It is not often that I wax lyrical about a book. But a small book I picked up last week intrigued me. I, a slow reader, read the 175 pages of Mr Fox by Barbara Comyns in just under a day. It’s published by a Northern Irish publisher called Turnpike Books, and I picked it up in Waterstones, attracted as with most of my book purchases by the cover. It showed a reprint of a railway company poster of 1939: a bustling, bus-laden street with St Paul’s Cathedral towering over all.
Enough of a draw to a chap like me who is in love with the 1930s and the war years, having only just missed them because Mum had only just met Dad. Am I one of only a small number who are obsessed with the years just previous to my birth; or do we all dote on times just before us?
Set in and just before the war years, Mr Fox describes one long struggle by a deserted young mother who – though from the ‘top drawer’ – has fallen on hard times. The miserableness of her circumstances causes her to have to move in with a black marketeer and petty thief who treats the woman, Caroline, and her child with a combination of kindness and nastiness. She is caught and, in seeking an exit, runs into even more problems. Probably the beast of the whole book is a selfish, moralistic-sorry-vegan mother who Caroline goes to live and work with as the war begins. A cold, virtuous house with a spoilt child and hunger stalking Caroline and her daughter’s life, it is a case of studied menace done in a very middle-class way.
Suffering is on every page, but the joy of the book is how the young mother, based on the author’s own experience, seems to struggle on to the next solution only to find that it solves nothing. It is a short odyssey of reversals of fortune that is so well written, in a kind of indomitable fashion, that it makes you believe in the whole project. Cleaner, hostess and almost-compromised young woman, cook and household slave, Caroline manages to get through the deprivation and the war still confident that something soon will turn her fortunes.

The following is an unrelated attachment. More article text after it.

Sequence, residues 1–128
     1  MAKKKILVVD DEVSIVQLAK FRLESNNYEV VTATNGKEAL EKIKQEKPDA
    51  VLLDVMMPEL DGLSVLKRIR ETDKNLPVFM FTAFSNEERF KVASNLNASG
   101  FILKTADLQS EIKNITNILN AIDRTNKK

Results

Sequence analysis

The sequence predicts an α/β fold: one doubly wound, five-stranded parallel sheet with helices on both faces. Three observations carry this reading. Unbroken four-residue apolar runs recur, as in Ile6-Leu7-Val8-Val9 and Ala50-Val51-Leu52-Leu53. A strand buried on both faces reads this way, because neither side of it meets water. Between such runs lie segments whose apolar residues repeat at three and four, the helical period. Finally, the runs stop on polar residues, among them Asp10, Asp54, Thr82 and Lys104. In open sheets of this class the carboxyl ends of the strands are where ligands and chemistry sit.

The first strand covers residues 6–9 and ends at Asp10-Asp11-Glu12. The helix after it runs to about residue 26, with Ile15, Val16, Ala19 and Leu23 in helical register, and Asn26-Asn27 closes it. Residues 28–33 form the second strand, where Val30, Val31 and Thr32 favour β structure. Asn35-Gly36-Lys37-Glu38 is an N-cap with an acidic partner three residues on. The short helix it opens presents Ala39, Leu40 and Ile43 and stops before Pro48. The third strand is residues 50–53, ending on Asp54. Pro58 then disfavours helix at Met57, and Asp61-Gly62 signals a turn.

The description of the bombing raids on London and surrounding areas is some of the best I have read, showing it from below. ‘Below’ in the sense both of among the poor and below the threat that came from the skies.
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Mr Fox is one long drama of poverty and being beholden to those who want to exploit and use you; and Comyns produced a classic in these few pages. Its great strength though, is the remorselessness of the young mother’s struggle, and how much of life is caught in this way. But it shows a poverty that is different from most poverty in the UK today. The poor of the pre-war and war years were largely left unprovided for; or little provided for. The great machinery of the Welfare State had yet to be invented. The government did not then spend circa 40 per cent of its income on trying to make poor people as comfortable as possible; trying to take the edge off of their being cast out to the fringes of society. Making the internal refugeeism of poverty as bearable as possible, though without actually getting people out of poverty.